Tuesday, September 27, 2011

Ice plant broken, curling woes continue

Chris Davis - Representatives of the Pincher Creek Curling Club appeared before Town Council on Monday, September 26.  Council was told the ice plant is unusable this year.  Apparently, when the rink was shut down last year the plant was allowed to freeze, causing major and possibly irreparable damage.

"We don't think we can afford to lose another year of curling," said Rick Visser, a curling club executive member.  "We really want to have curling this year in Pincher Creek."

Options presented to council included:
  • Remove the condenser and having it refurbished off-site. 
  • Contract someone to build a new condenser.
  • Find some used equipment that would be compatible with the aged system.
  • See if the plant at the old Blairmore rink (no longer in use as an ice-arena) is compatible, and if so, see if a deal can be struck with the Crowsnest Pass for its use.
  • Acquire a skid unit with a complete ice plant that can be hooked up to the existing piping.

Mayor Ernie Olsen indicated the Town would look into insurance issues surrounding the damaged equipment, and inquired as to the suitability of the Crowsnest Pass equipment.  He also said that if necessary he would discuss the situation with Crowsnest Pass Mayor Bruce Decoux.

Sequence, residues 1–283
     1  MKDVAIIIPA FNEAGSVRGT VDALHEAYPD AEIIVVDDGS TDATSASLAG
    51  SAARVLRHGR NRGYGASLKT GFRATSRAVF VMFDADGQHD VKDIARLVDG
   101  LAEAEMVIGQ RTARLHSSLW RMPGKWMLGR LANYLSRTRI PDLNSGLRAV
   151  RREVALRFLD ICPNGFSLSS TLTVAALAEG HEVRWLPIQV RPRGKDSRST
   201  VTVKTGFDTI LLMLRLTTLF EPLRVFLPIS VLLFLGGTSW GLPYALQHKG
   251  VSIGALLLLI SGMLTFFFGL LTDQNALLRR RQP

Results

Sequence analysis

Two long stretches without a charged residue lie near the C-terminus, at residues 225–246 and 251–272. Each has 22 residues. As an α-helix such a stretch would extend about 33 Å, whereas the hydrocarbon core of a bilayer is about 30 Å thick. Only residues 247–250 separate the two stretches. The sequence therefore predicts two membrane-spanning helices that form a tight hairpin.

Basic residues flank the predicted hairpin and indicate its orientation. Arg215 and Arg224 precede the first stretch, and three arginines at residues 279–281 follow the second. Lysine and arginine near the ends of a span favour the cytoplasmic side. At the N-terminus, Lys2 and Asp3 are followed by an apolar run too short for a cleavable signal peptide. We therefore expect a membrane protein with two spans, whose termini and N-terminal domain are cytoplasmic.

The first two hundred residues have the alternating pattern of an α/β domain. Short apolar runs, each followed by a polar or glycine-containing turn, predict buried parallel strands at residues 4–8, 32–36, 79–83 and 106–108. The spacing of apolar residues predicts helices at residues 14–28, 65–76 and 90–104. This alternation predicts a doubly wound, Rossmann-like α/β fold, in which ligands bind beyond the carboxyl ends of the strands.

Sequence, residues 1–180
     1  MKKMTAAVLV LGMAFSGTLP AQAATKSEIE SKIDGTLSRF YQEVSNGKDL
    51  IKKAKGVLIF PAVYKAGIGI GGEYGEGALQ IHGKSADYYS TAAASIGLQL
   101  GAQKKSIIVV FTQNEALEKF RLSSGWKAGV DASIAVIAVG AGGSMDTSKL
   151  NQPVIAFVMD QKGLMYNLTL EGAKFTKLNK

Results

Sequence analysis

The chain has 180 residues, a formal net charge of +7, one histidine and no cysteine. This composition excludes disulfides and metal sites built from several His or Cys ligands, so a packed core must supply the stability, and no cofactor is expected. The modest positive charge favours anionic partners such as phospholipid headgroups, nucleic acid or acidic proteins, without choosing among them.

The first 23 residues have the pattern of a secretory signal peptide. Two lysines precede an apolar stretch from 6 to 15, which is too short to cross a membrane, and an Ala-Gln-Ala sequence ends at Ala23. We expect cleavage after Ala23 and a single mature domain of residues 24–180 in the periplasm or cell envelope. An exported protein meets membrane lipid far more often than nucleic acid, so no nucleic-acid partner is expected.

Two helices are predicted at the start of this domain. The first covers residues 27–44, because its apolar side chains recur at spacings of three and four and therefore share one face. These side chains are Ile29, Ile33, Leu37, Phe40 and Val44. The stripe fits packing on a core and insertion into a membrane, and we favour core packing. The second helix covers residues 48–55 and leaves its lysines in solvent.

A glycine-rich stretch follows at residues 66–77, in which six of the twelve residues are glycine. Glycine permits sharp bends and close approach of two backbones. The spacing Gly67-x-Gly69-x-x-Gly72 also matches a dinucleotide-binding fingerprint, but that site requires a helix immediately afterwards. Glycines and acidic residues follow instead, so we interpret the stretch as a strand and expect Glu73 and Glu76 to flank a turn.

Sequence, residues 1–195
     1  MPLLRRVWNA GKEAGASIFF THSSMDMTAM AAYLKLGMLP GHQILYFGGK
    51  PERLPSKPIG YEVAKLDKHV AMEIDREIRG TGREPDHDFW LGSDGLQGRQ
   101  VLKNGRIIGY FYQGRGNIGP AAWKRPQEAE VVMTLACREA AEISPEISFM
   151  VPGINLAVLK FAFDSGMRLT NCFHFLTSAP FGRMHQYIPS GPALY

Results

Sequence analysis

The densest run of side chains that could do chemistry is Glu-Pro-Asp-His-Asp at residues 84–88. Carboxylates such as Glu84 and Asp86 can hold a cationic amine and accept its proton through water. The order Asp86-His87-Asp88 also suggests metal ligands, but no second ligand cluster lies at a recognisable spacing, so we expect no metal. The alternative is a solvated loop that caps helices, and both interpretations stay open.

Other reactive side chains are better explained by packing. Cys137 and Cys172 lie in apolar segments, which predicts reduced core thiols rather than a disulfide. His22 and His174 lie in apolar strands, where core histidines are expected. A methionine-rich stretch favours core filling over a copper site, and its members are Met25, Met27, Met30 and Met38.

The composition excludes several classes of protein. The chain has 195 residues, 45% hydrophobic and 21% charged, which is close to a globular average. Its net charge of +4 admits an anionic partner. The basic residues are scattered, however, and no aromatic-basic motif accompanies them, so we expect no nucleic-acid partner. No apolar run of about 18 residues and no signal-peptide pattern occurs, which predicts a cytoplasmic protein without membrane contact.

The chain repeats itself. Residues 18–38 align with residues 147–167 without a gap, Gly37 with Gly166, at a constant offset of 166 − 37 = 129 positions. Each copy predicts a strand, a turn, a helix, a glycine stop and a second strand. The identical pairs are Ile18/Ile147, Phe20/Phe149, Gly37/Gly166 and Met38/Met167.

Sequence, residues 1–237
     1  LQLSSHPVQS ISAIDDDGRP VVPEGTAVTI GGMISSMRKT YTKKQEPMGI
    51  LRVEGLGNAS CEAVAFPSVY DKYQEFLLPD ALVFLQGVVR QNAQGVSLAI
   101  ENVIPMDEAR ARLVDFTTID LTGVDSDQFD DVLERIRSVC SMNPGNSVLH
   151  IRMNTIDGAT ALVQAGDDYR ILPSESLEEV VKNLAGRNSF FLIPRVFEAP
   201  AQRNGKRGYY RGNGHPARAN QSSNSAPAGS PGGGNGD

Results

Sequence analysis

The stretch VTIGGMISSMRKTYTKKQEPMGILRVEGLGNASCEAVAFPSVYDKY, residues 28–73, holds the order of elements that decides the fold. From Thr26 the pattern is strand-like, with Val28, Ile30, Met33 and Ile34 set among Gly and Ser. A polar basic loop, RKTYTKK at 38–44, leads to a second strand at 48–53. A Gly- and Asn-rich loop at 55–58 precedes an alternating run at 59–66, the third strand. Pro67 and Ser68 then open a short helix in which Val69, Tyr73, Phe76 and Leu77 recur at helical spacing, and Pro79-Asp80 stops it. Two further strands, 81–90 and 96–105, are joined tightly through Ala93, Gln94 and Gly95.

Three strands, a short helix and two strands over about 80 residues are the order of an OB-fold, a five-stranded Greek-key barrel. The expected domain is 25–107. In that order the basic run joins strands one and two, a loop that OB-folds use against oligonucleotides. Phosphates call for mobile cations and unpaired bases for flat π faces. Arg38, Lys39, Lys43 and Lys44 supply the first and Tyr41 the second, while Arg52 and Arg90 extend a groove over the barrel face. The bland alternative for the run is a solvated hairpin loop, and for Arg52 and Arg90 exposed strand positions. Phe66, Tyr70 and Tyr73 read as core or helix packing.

"If we could get the equipment from the Pass it would be the quickest and easiest solution," said Visser.

The present location of the curling club is also seemingly doomed, being badly in need of extensive and expensive repairs. The curling club has been fundraising and negotiating with the Town for a new location.  One solution proposed to council earlier this year would see a new rink built adjacent to the golf course clubhouse, sharing the parking and facilities there.  Some local taxpayers have expressed a fair bit of indignation at that idea, citing a potential tax burden on citizens who don't curl and would therefore not use the facility.

Proponents of that plan cited the need to have various social and athletic options available to a community for it to flourish and attract new members.

Last winter, with the Pincher Creek rink closed,  many local curlers traveled to Coleman and Fort Macleod to pursue their sport.

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